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In 1977, outfielder Reggie Jackson was on top of the world.
Arguably the best player of the Oakland A's dynasty, which won three straight World Series, Jackson was also the very first big-money free agent. He is also legendary for the three towering home runs he hit in during game six of the '77 World Series. It was that feat that earned him the name Mr. October.
Since retiring in 1987 with five World Series rings, Jackson has been able to turn another of his great passions – American muscle cars – into a thriving tech-centric business.
The Hall of Famer's interest in automobiles harks back to the days he spent in rural Pennsylvania helping his father fix the vans needed for the family's dry cleaning business.
Jackson, a case study in self-reinvention, recently launched ReggiesGarage.com. He hopes to leverage his fame and auto expertise to tap into a classic-car specialty parts market – a market that analysts have pegged at $36 billion.
Jackson started working on this specialty startup years ago. And now, following a recent team up with one of the world's largest tech firms, Mr. October's website is bound to be a home run for investors…
Let's take a look…
"Mr. October" Goes Three-for-Three
Oct. 18, 1977, is a date that baseball lovers will never forget.
It was game six of the World Series against the Los Angeles Dodgers. Jackson hit three home runs in a row, each on the first pitch, from three different LA pitchers.
Only the great Babe Ruth ever hit three homers in a single World Series game (in fact, "The Babe" did it twice, in 1926 and in 1928).
But he didn't do it on consecutive pitches or consecutive at-bats.
By the time he retired, Jackson had hit 563 home runs and retired as the all-time leader in Series slugging, with a .755 average.
Just as important, he had amassed a collection of 30 pristine classic muscle cars.
According to car collector firm Hagerty, in 2011 muscle cars in "excellent condition" were valued at roughly $200,000 apiece. Five years later, that figure has risen to $300,000. A 1970 Plymouth Barracuda with a Hemi engine (known as a "Hemi Cuda") recently sold at auction for $3 million.
Jackson's longtime presence at car auctions like Barrett-Jackson and events like SEMA in Las Vegas are likely to help draw enthusiasts to his business, says Peter MacGillivray, vice president of events and communications for SEMA.
"Reggie's reputation as a car guy is well known," he says. "Most of the people running these [auto parts] businesses are in the hobby, so like them he has the chance to parlay his expertise into a brand people will trust."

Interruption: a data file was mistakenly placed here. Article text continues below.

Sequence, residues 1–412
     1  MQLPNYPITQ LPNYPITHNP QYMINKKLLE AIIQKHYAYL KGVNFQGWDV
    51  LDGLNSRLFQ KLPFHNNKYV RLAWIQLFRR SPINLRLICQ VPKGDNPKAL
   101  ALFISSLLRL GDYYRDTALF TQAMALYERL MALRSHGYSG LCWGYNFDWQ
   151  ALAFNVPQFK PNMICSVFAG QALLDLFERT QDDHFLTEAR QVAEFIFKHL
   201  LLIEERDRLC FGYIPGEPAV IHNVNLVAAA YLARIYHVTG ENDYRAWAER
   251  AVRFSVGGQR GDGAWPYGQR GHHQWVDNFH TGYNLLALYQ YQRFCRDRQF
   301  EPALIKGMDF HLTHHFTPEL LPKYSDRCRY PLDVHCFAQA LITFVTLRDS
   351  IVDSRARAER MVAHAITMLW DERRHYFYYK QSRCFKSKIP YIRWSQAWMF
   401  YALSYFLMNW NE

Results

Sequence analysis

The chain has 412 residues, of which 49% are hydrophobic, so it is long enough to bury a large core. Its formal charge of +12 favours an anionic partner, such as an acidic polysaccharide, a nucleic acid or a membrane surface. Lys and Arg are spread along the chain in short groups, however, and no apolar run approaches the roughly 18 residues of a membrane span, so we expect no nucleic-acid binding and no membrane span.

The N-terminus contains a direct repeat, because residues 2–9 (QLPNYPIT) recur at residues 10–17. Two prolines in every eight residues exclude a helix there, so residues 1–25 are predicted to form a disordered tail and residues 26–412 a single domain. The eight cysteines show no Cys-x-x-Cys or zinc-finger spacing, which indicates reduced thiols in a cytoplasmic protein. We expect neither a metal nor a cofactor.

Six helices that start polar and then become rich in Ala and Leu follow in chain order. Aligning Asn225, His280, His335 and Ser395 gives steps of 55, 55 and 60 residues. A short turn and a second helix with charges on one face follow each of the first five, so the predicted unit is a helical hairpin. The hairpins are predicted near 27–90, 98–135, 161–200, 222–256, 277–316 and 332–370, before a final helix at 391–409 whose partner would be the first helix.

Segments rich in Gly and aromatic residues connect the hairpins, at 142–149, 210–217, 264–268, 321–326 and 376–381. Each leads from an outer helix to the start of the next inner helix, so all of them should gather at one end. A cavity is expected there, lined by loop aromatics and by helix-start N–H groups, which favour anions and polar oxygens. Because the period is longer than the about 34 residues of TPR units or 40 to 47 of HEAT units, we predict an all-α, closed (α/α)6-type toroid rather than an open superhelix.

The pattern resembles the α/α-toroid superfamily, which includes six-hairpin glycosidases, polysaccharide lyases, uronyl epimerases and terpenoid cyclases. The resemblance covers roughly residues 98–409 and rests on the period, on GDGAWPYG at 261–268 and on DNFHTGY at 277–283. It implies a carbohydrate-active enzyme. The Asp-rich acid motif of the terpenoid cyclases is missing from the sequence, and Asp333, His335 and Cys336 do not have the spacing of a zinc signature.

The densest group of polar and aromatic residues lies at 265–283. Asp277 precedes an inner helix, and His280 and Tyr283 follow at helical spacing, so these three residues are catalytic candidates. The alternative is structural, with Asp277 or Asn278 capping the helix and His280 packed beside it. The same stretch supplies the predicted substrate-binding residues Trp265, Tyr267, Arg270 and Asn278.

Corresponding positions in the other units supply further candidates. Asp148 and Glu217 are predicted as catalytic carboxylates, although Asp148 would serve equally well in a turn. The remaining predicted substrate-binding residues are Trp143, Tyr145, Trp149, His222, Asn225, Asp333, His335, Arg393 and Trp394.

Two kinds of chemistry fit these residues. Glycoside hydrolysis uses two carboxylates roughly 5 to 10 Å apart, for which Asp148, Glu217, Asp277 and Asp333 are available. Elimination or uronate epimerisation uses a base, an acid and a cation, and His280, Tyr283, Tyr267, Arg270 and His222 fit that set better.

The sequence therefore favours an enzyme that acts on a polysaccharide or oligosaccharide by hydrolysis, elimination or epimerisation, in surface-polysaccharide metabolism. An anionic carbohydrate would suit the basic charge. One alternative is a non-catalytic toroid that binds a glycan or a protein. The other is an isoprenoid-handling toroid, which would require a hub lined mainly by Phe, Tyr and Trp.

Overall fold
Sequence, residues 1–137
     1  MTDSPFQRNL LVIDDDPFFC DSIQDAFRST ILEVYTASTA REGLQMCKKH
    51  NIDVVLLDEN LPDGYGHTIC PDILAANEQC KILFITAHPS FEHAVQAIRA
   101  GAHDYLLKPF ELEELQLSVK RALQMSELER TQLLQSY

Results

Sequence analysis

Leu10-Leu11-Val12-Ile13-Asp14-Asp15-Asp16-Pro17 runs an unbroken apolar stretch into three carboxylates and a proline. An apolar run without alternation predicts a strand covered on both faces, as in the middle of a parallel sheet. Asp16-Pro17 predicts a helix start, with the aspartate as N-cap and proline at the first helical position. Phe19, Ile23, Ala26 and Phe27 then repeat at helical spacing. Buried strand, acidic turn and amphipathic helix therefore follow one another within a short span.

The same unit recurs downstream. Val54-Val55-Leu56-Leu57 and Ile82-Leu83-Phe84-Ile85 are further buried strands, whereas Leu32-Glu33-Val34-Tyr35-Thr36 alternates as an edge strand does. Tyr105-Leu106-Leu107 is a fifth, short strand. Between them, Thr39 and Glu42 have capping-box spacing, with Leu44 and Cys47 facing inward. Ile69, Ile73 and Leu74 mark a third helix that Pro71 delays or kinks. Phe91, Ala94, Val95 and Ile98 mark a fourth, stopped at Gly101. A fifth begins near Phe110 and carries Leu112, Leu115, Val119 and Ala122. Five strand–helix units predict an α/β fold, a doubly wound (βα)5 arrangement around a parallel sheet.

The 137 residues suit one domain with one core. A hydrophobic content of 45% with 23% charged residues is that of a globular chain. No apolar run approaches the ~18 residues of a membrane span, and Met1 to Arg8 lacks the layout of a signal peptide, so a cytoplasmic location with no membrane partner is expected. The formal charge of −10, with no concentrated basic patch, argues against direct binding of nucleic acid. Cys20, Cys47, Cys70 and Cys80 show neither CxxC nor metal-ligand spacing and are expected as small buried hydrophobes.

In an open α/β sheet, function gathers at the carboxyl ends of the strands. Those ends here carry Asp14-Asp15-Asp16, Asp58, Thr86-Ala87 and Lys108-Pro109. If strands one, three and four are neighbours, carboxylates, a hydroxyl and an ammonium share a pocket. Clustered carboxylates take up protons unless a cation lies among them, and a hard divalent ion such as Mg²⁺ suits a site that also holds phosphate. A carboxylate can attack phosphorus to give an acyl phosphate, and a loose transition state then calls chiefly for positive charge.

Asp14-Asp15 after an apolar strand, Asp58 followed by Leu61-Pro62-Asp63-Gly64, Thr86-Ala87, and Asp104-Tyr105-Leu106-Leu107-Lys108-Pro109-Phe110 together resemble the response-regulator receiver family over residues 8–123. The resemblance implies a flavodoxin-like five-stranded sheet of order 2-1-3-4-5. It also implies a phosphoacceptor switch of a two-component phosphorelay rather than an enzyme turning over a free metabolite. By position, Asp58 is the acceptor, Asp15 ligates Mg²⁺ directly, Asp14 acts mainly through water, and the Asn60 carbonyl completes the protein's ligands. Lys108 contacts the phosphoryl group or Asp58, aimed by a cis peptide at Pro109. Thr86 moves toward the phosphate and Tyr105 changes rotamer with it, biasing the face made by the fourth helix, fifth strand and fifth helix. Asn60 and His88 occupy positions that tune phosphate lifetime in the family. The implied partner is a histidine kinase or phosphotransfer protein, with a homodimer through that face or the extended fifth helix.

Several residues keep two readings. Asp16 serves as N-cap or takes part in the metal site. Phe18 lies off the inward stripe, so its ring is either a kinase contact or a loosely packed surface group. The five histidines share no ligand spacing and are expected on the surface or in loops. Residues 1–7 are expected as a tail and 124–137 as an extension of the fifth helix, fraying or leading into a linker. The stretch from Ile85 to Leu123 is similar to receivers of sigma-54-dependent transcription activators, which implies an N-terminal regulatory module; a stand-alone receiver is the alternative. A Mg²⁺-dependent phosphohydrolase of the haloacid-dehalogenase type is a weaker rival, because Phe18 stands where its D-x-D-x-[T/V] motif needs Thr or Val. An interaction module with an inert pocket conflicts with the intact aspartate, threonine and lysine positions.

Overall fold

With Reggie's Garage, Jackson is able to cater to elite customers all while targeting fast-growing web sales.
In fact, in the U.S. alone, online sales rose 14.6% in 2015, says the U.S. Commerce Department, while sales at brick-and-mortar stores barely budged. No surprise, considering that e-commerce now accounts for $342 billion in sales, up from $112 billion a decade ago, according to eMarketer.
Jackson had been working on creating his business for a number of years. But after spending a six-figure sum on a variety of backend solutions that either proved incompatible or just plain cumbersome, Jackson turned to a German software giant…
Enter SAP SE (NYSE ADR: SAP).
The firm recently unveiled its new SAP Anywhere service, aimed at smaller firms like Reggie's that have between 10 to 200 employees.
It's hard to overstate how savvy of a move this is for Jackson.
An All-Star Partnership
The Small Business Administration (SAP) says more than 500,000 new small businesses launch each year, and there are more than 28 million of them in operation today.
SAP's CEO Bill McDermott has a keen sense of the role that small businessmen play in the economy. In fact, he has known Reggie Jackson for years and got a first-hand view of the challenges in running a business like Reggie's Garage that must track hundreds of thousands of products.
The SAP Anywhere software is designed like a dashboard. It shows financial figures, online usage trends, supplier delivery times, and even a product's location in the warehouse. It's a pretty complex software engine, but for small business owners like Jackson, it's quite simple to manage.
SAP took a really smart approach to building out SAP Anywhere, working with the top firms in a range of tech niches. For example, the software works seamlessly with PayPal Inc.'s (Nasdaq: PYPL) payment system.